CFP: American Horror Film Today (6/1/07; collection)
Call for Papers: American Horror Film Today
Most film histories consider Wes Craven's Scream (1996) as either a high-point of American horror cinema, or as a turning-point that marked the steady decline of the genre. Compared to the celebrated "Golden Ages" of American horror cinema?from the "classic" Universal films in the 1930s, to auteurist neo-horror in the 1970s?horror films from the mid-1990s to today seem to be out of ideas, short on political relevance, and incapable of producing texts that promise longevity. Fans of the genre have lamented this slump. Reviewers tend to dismiss recent productions. And scholars have either returned to canonical American horror films or directed their attention toward international cinema.
As a result of this general tone of dismissal, contemporary American horror film has become a field dominated by prejudice and polemic. In journals and anthologies, scholars have begun the work of assessing American horror films of the last ten years. But even the best of these efforts have, so far, remained unsystematic and scattered. They are pieces of a larger, more comprehensive critical project that remain to be integrated.
As a contribution to this larger project, this collection of critical essays sets out to offer an assessment of American horror cinema over the last ten years by providing close readings of individual films, as well as discussions of larger issues in American horror cinema.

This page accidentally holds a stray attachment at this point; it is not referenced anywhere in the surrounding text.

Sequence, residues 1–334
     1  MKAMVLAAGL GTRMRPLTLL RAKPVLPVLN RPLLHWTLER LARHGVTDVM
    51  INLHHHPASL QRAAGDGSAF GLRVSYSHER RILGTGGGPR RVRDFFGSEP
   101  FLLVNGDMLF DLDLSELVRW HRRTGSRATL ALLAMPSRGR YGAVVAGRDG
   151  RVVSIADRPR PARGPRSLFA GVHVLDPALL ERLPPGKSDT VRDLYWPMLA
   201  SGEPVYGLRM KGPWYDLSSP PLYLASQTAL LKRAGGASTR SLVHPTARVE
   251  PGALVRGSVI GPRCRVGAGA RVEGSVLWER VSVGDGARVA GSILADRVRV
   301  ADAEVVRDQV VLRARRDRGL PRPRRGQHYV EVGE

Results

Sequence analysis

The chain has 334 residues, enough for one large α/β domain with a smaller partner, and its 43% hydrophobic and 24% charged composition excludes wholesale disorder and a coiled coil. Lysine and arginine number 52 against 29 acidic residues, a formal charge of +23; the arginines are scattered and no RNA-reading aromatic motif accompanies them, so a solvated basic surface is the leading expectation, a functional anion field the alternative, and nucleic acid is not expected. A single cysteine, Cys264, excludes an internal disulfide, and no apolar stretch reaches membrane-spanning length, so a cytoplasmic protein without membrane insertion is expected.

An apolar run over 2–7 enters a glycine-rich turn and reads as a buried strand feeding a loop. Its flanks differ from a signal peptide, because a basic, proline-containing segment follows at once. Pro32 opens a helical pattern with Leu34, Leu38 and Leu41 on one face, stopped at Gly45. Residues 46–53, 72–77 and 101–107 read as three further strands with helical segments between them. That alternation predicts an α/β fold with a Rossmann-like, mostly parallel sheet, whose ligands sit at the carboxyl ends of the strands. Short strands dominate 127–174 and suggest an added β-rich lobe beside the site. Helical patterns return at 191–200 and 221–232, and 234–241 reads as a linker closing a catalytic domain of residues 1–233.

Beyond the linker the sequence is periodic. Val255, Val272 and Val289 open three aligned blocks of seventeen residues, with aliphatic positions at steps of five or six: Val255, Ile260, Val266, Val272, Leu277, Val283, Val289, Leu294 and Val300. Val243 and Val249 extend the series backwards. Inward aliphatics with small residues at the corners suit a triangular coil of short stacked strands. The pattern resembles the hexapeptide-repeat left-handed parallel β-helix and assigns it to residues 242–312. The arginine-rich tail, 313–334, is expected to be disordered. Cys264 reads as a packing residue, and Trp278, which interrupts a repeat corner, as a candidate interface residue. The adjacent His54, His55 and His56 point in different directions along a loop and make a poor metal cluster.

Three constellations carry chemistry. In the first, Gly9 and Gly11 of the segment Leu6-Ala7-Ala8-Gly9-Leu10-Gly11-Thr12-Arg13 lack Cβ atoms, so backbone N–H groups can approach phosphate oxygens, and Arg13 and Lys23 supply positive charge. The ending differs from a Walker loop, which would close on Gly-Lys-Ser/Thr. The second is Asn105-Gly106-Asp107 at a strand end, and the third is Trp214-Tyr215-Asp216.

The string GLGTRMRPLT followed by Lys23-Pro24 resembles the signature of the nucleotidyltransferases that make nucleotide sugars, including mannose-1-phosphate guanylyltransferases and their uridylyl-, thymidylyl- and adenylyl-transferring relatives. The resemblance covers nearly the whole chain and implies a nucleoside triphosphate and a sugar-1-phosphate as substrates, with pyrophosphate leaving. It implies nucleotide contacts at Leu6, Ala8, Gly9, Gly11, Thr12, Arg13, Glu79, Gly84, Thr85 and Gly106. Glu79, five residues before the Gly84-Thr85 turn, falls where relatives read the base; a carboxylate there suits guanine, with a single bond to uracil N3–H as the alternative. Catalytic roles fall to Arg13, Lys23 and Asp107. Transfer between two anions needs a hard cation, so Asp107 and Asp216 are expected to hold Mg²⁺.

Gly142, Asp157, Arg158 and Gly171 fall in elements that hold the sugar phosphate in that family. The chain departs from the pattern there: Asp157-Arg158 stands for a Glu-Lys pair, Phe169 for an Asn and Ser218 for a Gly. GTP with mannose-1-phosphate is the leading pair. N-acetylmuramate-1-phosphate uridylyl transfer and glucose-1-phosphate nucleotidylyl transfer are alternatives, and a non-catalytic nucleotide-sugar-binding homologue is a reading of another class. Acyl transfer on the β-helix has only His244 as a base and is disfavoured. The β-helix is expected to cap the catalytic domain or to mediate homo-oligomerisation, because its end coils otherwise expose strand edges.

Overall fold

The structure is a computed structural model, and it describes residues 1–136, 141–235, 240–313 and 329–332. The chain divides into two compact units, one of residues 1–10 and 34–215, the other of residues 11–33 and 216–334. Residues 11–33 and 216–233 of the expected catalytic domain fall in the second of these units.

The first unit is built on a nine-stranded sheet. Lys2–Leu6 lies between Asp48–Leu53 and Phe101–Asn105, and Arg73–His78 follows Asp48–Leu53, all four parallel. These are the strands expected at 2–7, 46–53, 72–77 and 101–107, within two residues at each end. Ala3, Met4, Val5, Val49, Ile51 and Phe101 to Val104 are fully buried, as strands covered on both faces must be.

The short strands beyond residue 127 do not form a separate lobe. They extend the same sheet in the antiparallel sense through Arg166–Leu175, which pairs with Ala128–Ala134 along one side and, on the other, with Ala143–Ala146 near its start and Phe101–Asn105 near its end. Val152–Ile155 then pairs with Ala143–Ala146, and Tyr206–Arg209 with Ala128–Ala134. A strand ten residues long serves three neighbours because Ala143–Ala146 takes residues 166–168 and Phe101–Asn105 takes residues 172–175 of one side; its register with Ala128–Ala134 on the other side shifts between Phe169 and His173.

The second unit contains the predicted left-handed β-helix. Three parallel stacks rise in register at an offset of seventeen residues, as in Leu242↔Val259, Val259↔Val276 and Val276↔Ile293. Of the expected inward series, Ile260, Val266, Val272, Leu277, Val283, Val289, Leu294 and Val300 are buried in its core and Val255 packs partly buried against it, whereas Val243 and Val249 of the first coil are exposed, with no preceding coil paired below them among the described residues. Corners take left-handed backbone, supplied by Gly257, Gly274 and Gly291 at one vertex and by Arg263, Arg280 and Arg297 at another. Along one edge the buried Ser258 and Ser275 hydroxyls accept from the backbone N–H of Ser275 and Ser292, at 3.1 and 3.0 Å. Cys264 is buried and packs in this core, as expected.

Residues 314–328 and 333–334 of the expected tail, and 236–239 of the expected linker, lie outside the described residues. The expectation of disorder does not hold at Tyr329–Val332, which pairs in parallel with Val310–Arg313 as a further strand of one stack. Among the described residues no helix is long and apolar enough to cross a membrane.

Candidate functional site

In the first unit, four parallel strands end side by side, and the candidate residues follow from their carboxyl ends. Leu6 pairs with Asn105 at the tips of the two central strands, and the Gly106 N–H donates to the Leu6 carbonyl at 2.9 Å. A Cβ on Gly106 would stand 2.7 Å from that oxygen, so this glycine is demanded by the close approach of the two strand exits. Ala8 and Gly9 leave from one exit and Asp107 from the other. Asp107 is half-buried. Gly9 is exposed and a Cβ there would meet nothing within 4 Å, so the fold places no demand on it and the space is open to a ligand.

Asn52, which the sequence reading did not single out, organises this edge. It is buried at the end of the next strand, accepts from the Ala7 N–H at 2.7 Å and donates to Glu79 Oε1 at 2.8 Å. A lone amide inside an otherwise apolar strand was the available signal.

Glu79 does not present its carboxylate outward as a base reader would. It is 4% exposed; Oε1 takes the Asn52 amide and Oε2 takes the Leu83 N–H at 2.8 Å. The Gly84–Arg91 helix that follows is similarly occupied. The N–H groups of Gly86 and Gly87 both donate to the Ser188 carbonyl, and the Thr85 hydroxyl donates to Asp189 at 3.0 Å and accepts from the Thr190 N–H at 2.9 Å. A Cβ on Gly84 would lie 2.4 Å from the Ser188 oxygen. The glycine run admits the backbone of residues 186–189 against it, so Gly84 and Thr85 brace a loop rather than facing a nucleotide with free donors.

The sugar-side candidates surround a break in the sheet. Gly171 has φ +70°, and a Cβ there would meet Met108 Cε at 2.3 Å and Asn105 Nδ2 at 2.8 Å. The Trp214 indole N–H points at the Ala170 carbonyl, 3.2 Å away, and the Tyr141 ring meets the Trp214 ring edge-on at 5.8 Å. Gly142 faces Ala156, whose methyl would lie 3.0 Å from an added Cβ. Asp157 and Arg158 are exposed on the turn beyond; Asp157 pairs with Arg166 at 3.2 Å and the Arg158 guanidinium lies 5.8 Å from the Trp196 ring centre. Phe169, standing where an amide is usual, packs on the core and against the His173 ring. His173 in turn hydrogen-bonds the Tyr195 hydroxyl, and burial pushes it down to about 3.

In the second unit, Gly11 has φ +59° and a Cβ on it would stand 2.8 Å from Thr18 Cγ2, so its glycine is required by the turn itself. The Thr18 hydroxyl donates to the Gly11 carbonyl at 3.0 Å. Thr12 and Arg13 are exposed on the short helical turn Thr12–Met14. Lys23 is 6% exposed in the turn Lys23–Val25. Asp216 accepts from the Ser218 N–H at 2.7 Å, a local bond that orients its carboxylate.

Possible topics include, but are not limited to:
- New Approaches to Contemporary Horror Films (new critical methodologies, revisionist readings)
- Critical Discussions of Overlooked or Underappreciated Films
- Horror Film Directors: The New Auteurs (Alexandre Aja, Eli Roth, Rob Zombie, etc.)
- Horror Film Directors: Established Auteurs, Late in their Careers (John Carpenter, Wes Craven, etc.)
- Recent Horror Film Cycles and Franchises (e.g. torture films like the Saw and the Hostel films, the Ring films, Dark Castle Films, the Scary Movie series, etc.)
- Studio Histories, Distribution Practices (Dimension, Lions Gate, After Dark, etc.)
- Critical Approaches to the Remake (remaking American horror films, remaking horror films from all over the world)
- Critical Analyses of Genre Histories and Genre Criticism in Academic, Journalistic, and Fan Discourse
- Critical Approaches to the Material Culture of Horror Film (marketing, special effects, new technologies, etc.)
Suggestions for additional topics are encouraged.
By June 1, 2007, please submit abstracts or essays to: Steffen Hantke, Dept. of English, Sogang University, CPO Box 1142, Seoul 100-611, South Korea. For all inquiries, please use email: steffenhantke_at_hotmail.com.
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Received on Wed May 02 2007 - 14:54:34 EDT